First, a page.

FINDING your first job can be the toughest move you make on your career path.
Deciding what you want to do, then working out how to get started is so daunting that 15 per cent of young people put off seeking a new job at all, according to new research from recruitment firm Michael Page.
But help is at hand. Next week is National Careers Week, with schools and colleges across the UK highlighting career choices for young people.
We invited Rachel Campbell, senior regional director at Page Personnel, to help you pick the right career path.
She says: “Having too much choice can become confusing when looking for a new career.
“Also, pressures from family members and friends often make it harder to make that first step. It’s important to remember, the decision’s in your hands.”
- Focus on your skills: Being in a job that doesn’t use your skill set can be a waste of your time and is unlikely to lead to long-term job satisfaction. By identifying early what you are good at and what you enjoy, you can target roles where you will be able to put these skills into practice.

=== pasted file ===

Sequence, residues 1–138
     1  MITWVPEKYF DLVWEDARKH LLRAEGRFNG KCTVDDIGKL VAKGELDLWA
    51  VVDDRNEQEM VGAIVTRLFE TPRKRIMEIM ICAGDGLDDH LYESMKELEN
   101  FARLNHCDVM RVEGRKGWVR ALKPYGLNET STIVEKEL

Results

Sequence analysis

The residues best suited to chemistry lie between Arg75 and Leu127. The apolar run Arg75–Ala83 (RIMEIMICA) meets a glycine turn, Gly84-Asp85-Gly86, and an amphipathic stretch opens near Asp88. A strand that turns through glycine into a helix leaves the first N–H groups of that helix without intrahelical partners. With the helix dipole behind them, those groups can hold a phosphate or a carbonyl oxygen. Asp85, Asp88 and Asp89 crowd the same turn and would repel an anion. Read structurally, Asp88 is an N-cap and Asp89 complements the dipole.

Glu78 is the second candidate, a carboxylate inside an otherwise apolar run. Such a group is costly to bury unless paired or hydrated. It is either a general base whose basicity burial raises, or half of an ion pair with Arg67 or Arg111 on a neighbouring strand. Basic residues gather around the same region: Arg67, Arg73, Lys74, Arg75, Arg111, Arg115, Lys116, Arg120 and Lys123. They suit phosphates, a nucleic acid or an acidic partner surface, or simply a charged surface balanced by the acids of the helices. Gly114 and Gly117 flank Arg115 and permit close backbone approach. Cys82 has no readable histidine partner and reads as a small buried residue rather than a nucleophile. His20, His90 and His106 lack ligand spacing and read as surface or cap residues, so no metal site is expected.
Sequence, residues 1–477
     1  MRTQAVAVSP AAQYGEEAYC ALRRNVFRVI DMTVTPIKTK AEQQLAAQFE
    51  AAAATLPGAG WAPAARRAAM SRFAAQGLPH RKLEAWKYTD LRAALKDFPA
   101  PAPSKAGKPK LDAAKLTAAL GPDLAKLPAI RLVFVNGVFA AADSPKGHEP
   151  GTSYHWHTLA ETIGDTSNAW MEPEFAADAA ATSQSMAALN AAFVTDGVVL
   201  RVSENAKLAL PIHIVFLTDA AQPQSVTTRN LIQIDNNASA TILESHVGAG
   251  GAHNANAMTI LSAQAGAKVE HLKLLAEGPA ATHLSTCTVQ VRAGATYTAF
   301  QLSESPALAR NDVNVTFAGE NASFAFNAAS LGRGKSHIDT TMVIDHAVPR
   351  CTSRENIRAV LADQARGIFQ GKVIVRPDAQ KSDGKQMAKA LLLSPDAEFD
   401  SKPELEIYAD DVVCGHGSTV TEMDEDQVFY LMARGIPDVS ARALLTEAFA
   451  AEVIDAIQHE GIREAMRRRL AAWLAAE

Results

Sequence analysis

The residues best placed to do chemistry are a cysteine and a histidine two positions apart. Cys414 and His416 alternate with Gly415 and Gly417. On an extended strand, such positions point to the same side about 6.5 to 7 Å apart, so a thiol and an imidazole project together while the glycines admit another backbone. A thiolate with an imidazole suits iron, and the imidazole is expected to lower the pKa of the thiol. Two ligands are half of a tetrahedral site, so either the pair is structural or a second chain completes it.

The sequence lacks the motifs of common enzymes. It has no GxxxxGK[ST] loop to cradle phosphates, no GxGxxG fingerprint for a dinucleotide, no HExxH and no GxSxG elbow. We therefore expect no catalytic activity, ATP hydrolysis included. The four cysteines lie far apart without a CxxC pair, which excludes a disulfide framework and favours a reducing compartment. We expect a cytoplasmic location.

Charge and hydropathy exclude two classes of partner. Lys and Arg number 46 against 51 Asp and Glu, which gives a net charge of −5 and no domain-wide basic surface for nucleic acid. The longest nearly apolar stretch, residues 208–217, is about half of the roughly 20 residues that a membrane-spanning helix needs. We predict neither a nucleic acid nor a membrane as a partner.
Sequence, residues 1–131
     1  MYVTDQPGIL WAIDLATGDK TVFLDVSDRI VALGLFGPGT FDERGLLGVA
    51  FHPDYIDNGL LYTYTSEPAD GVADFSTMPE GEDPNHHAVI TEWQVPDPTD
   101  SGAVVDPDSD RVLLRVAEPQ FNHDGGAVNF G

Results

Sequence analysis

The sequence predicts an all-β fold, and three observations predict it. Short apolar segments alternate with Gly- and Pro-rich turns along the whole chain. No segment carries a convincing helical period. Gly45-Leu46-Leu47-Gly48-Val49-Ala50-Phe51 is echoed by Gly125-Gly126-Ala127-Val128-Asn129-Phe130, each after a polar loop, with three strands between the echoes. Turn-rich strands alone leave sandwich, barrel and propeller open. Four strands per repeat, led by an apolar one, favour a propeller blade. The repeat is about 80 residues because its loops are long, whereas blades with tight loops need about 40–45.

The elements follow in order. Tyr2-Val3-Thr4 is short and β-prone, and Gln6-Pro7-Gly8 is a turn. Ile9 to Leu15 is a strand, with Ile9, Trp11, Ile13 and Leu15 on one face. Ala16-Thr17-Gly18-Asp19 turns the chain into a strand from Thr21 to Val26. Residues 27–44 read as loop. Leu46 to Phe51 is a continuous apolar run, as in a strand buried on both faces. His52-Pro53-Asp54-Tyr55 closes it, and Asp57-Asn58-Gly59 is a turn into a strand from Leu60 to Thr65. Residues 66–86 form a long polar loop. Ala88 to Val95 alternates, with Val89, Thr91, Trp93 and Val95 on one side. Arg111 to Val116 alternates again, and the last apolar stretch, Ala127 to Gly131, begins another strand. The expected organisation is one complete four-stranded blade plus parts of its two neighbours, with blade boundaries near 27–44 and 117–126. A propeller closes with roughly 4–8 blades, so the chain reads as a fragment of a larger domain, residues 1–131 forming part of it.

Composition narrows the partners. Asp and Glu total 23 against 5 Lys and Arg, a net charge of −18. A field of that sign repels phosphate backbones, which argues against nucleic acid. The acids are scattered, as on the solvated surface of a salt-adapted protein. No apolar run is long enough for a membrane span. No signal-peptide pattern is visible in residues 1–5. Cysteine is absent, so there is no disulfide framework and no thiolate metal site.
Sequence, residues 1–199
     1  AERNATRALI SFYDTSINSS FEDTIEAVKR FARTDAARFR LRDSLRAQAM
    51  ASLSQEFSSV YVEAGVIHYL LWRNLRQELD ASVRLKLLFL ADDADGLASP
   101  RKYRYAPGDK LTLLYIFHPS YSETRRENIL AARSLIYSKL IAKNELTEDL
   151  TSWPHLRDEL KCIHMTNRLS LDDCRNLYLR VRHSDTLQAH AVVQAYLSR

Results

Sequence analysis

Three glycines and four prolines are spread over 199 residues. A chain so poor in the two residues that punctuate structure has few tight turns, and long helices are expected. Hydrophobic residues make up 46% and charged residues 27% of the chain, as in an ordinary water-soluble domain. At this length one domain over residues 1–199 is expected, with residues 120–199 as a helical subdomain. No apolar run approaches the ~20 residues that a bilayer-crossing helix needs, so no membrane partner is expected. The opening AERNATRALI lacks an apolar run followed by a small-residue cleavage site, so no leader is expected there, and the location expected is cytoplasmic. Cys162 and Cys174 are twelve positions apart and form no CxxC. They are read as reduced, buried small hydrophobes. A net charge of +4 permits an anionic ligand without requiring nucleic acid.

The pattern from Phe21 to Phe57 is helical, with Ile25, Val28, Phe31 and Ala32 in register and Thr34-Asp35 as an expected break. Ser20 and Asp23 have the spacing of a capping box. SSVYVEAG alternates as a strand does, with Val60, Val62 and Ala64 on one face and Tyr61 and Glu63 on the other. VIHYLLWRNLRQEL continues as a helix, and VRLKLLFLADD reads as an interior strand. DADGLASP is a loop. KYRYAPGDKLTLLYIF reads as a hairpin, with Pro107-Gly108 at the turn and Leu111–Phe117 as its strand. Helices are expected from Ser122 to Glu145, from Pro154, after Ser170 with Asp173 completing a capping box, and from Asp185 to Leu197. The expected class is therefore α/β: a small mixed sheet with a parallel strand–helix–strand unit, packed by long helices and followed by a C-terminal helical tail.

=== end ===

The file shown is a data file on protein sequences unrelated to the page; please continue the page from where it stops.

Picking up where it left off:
- Identify your work ethos: What type of work environment do you want? How do you feel about wellbeing or flexible working? Take the Selfie Report by FindMyWhy at pagepersonnel.co.uk/untapped-talent to determine the type of workplace which will match your personality.
- Think about the company culture: Check companies’ websites and social media for a feel of the culture and the type of people who work there. Do they align to your values and will you be comfortable there?
- Consider career progression: Ask if there will be professional training and development and what the long-term career prospects look like. Ask for examples of how others have progressed their careers within that organisation.
- Build your network: It’s hugely helpful to meet and talk to a range of people at various levels who are established in the career you are interested in. They can advise you on whether a similar vocation would be a good fit for you and provide real-world examples of the job’s highs and lows.
- Focus on what is most important to you: Take enough time to focus on yourself and what makes you happy, before rushing into making a choice.
Find out more at nationalcareersweek.com and getmyfirstjob.co.uk.
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